Building a space colony? Use potatoes instead of human blood


File this one under “Strange but (Probably) Scientifically Significant.”

Researchers at the University of Manchester in England have published a report summing up their recent work: finding the best way to make concrete-like materials on Mars or the Moon.

Unsurprisingly, potato starch emerged as a front-runner in their study — combined with salt and a simulacrum of alien soil to make “StarCrete.”

This new material is said to be more than twice as strong as traditional concrete, and 55 pounds of potatoes can create as many as 200 bricks.

Maybe Matt Damon was on the right track in The Martian.

Matt Damon grows potatoes in The Martian (2010)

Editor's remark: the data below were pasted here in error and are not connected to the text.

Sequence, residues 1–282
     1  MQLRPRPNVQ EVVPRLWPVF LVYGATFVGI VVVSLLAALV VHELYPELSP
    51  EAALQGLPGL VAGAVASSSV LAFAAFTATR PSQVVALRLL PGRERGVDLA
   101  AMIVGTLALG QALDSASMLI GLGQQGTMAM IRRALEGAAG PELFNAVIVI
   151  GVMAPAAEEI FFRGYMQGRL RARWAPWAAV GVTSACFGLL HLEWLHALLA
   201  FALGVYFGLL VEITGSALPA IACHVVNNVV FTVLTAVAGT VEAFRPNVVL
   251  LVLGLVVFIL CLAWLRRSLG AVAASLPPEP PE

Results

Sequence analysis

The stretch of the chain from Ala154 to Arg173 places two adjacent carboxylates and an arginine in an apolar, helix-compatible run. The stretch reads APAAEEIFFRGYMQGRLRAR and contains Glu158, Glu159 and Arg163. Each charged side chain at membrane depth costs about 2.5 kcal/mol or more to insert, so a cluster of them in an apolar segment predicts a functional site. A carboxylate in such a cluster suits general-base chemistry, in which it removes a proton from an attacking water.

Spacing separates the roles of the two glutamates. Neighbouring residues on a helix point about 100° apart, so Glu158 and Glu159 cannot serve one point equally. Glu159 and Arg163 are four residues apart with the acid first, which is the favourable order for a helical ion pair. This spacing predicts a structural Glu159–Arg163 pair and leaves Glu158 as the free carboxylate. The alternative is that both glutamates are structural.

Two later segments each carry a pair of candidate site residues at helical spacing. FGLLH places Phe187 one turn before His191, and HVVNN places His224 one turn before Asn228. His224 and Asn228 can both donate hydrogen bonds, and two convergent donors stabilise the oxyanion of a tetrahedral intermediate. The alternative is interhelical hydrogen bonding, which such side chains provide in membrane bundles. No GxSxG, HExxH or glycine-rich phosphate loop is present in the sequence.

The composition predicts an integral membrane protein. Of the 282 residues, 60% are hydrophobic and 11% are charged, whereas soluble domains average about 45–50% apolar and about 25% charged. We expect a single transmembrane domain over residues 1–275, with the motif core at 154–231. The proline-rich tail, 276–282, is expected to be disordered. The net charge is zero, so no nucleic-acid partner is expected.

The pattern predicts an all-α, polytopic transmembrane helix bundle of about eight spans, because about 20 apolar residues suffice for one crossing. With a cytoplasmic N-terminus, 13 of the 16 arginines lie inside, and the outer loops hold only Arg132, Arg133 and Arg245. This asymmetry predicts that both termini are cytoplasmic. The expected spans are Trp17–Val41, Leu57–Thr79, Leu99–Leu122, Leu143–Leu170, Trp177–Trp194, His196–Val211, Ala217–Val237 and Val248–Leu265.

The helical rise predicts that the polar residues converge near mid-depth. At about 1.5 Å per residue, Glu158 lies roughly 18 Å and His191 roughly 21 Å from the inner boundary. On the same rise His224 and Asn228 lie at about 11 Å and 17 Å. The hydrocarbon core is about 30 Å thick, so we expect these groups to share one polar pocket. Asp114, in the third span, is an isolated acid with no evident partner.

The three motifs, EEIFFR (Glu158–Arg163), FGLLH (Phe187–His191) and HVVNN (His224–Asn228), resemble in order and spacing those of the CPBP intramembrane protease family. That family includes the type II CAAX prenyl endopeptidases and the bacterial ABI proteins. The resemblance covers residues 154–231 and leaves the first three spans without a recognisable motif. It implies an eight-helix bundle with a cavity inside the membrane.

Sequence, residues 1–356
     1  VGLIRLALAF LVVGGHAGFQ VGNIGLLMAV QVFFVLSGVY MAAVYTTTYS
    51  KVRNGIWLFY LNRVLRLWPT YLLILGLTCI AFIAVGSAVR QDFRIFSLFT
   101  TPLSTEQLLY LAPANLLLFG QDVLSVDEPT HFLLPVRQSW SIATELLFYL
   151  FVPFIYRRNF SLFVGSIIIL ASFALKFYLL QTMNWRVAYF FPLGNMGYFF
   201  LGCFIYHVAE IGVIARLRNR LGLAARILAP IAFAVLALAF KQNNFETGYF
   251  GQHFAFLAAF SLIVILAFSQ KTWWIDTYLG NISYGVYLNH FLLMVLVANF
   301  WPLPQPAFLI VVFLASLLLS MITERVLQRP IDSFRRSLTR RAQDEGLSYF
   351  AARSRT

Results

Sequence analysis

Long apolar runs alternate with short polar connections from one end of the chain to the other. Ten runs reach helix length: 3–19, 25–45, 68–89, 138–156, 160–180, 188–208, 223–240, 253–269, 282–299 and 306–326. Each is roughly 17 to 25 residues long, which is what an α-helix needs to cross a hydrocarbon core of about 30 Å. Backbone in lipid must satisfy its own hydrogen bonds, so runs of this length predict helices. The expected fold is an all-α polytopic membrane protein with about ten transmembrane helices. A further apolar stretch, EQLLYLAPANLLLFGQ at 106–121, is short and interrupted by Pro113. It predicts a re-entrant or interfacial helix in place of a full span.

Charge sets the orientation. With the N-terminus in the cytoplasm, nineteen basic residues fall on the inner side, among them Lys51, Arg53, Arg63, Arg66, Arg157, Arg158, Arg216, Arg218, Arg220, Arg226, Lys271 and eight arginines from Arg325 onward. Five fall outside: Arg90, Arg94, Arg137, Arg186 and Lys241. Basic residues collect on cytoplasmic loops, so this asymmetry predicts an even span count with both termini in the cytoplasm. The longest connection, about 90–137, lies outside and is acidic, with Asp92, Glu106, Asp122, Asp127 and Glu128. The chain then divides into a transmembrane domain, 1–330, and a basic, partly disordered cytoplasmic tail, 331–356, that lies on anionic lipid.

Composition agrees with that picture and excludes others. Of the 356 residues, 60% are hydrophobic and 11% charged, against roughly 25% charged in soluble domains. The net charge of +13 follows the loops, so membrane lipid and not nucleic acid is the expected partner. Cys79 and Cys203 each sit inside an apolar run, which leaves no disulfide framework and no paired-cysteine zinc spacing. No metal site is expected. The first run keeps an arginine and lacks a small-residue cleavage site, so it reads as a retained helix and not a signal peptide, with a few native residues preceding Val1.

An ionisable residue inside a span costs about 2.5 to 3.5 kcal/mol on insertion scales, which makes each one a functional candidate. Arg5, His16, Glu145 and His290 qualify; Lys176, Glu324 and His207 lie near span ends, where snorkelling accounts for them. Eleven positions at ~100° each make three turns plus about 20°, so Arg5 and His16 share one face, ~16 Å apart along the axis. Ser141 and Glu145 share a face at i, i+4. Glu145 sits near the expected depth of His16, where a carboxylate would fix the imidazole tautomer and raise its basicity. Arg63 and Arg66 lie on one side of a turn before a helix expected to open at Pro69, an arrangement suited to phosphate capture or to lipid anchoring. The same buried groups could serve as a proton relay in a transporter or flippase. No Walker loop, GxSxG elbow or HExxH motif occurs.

Surprisingly, on their way to discovering that potato starch was more efficient, researchers tested out compounds using… other… liquids that might be readily available to future space explorers.

Namely: human blood and urine.

A bloody good study

While the headlines are sure to grab attention, researchers had good cause to test blood and urine.

Both substances would be (relatively) easy to acquire in a pinch — for instance, if a space base needs emergency repairs.

Most importantly, blood and urine are renewable resources, meaning crew wouldn’t need to wait for shipments from Earth, which could cost a mission valuable time and money.

NASA’s Perseverance rover takes a selfie on Mars. (Image: NASA)

Fortunately our futuristic frontiers-people seem to have been spared the needle (for now), but as interplanetary travel becomes less of a distant dream, researchers have to consider every option.

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